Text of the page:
Italy vs England: Wayne Rooney warns Harry Kane things could be tougher tonight than against Lithuania

The sides meet in Turin

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The Independent Football

When the England players walked out on to the pitch at the Juventus Stadium on Monday night, on a warm spring evening, they were returning to the scene, albeit rebuilt, of one of English football’s most famous occasions. That night in Turin when England lost in the World Cup semi-finals to West Germany was only 25 years ago but it took place three years before the birth of Harry Kane.

He is the latest man to inherit the burden of the nation’s football team’s unfulfilled expectations and his first start for England against Italy represents yet another point on the steep upwards trajectory he has plotted since breaking into the Tottenham Hotspur team in November.

LIVE: Italy vs England latest score

If Friday’s night’s debut goal against Lithuania was the “fairy tale”, as Roy Hodgson described it, then this will be the kind of game which will stretch even Kane’s capacity to adapt to the maximum.

It was Wayne Rooney who explained how Italian defenders represent a very different challenge to that usually posed to strikers. “With Italian defenders, they’re very clever. They do anything to try and stop you and you have to be aware of that, and not be frustrated. At the minute, what Harry is doing he must continue with. He’s taking the ball and running at defenders, getting shots at goal. That’s all he has to do [against Italy] and I’m sure if he does that the way he has been, he’ll be fine.

 

“Italy is a passionate country who love their football, probably the closest in Europe to South American teams. They’ll do anything to stop you. They’re tough to play against, organised, make it as difficult to play against as possible. They’re the best in Europe at doing that.”

These friendlies, when they fall as the second game in an international break, often throw up a team that is shaped by injuries and a manager’s eagerness to try something radical.

With nine players having withdrawn from the squad already, Hodgson is of a mind that rather than try to replicate the usual system he should try something completely different.

Hence the plan to play Phil Jones in holding midfield and Rooney at the point of a diamond behind Kane and Theo Walcott. It is a brave departure but, with seven victories from seven since the disastrously early exit from the World Cup last year, Hodgson has bought himself some time. He no longer even talks about there being a question of England qualifying for Euro 2016, and you can see why.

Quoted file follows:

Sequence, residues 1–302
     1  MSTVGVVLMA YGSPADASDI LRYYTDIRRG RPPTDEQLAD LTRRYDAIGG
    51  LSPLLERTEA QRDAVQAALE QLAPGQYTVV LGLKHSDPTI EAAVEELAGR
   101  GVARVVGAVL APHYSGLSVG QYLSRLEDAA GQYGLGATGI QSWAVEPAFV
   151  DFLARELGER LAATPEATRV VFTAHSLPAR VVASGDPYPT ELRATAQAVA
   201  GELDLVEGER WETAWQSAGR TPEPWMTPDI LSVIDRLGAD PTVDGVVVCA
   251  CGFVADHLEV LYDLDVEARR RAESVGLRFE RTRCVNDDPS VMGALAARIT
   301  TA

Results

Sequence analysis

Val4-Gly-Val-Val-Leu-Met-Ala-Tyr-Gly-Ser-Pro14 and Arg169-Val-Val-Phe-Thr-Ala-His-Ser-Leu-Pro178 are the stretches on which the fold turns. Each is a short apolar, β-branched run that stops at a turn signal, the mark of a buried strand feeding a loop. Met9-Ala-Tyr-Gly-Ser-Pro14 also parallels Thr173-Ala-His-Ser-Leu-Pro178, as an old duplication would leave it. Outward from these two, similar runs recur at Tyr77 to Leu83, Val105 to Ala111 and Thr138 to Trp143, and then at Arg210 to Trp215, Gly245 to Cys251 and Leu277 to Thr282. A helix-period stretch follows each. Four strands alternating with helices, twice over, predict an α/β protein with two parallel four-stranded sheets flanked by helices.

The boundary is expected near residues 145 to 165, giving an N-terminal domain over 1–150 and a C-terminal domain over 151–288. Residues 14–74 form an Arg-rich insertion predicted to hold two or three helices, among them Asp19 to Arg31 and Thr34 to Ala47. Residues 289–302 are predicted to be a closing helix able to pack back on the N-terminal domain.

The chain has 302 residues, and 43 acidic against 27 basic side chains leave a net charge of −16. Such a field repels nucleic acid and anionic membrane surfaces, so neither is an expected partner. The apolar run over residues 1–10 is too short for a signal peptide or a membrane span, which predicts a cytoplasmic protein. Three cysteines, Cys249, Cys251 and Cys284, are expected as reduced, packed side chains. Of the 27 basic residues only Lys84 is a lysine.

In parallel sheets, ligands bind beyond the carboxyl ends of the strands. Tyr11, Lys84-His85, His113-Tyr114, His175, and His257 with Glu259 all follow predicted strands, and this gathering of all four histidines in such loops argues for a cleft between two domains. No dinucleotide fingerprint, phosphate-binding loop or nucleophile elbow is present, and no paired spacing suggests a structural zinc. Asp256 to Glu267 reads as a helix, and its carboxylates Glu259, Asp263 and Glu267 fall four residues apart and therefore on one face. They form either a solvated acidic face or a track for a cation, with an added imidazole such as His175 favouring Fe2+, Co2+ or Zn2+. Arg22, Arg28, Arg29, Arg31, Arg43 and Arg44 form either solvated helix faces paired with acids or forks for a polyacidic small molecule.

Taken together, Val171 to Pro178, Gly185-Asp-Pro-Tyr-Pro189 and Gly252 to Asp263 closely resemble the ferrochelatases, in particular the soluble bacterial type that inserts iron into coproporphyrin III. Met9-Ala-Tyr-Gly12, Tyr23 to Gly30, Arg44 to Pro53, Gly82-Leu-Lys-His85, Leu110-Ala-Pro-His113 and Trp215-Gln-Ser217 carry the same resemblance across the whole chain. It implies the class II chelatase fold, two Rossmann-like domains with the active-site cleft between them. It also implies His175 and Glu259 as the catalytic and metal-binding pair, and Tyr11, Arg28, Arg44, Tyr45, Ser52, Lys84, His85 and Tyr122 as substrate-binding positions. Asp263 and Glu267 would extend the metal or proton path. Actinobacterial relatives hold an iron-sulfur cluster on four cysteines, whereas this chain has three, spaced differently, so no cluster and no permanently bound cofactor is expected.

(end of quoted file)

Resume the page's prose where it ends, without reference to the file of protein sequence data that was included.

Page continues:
For Walcott, there is a major opportunity to get his stalled England career up and running again, having slipped behind the likes of Raheem Sterling and Danny Welbeck in the pecking order during his long absence through injury. These are the games that can change a manager’s perception of a player, for better or worse and, back in a country where he was so proud to have been a coach, Hodgson will be in no mood to be beaten.

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Coach Gary Neville shares a joke with members of the England squad during a visit to Juventus Arena on Monday night (PA)

He said once again that he needed to show some faith in Ross Barkley as the Everton man goes through a difficult season in his development. The 21-year-old, a substitute against Lithuania on Friday, was once in the position Kane now finds himself in, but he has drifted this season as Everton have struggled.

As a result, it looks unlikely that Barkley will start the match. Just five months younger than Kane, he will reflect on how an end product to the Spurs man’s game has elevated him this season. They both played together for England in the ill-starred 2013 Under-20s World Cup finals campaign in Turkey and Kane has now overtaken Barkley.

“He [Barkley] and Everton hit the heights last season,” Rooney said. “He hasn’t done as well as the team [Everton] haven’t [done] recently. But I spoke to him after the game on Friday night and the only advice I gave him was to watch the game from the bench with England.

“He will know how to get into the opposition, where the spaces are. That’s what Ole Gunnar Solskjaer said to me when I was young, so you know where to be when you come on. If it helps, then great.”

England have secured wins in friendlies like these in the past – they beat Germany in Berlin in November 2008, Spain at Wembley in November 2011 – and Hodgson will expect to learn something from this game. Even if it is a case of what does not work as opposed to what does.

Key confrontations: where the friendly will be won and lost

Giorgio Chiellini v Harry Kane

Experienced defender, who featured as Italy let in two early goals in their draw with Bulgaria on Saturday, aiming to repel the Premier League’s joint-top scorer this season. Kane will be desperate to add to his international debut goal against Lithuania.

Mirko Valdifiori v Wayne Rooney

Huge opportunity for Empoli midfielder to impress on his debut in the absence of Andrea Pirlo. Faces daunting task of countering the threat of Rooney, who needs just two goals to equal Sir Bobby Charlton’s record as England’s all-time top scorer.

Graziano Pelle v Chris Smalling

The Southampton striker has failed to score in the Premier League since December, but the 6ft 4in attacker will still be an imposing opponent for Smalling. The Manchester United defender will face a good test of his international credentials in his 16th England appearance.

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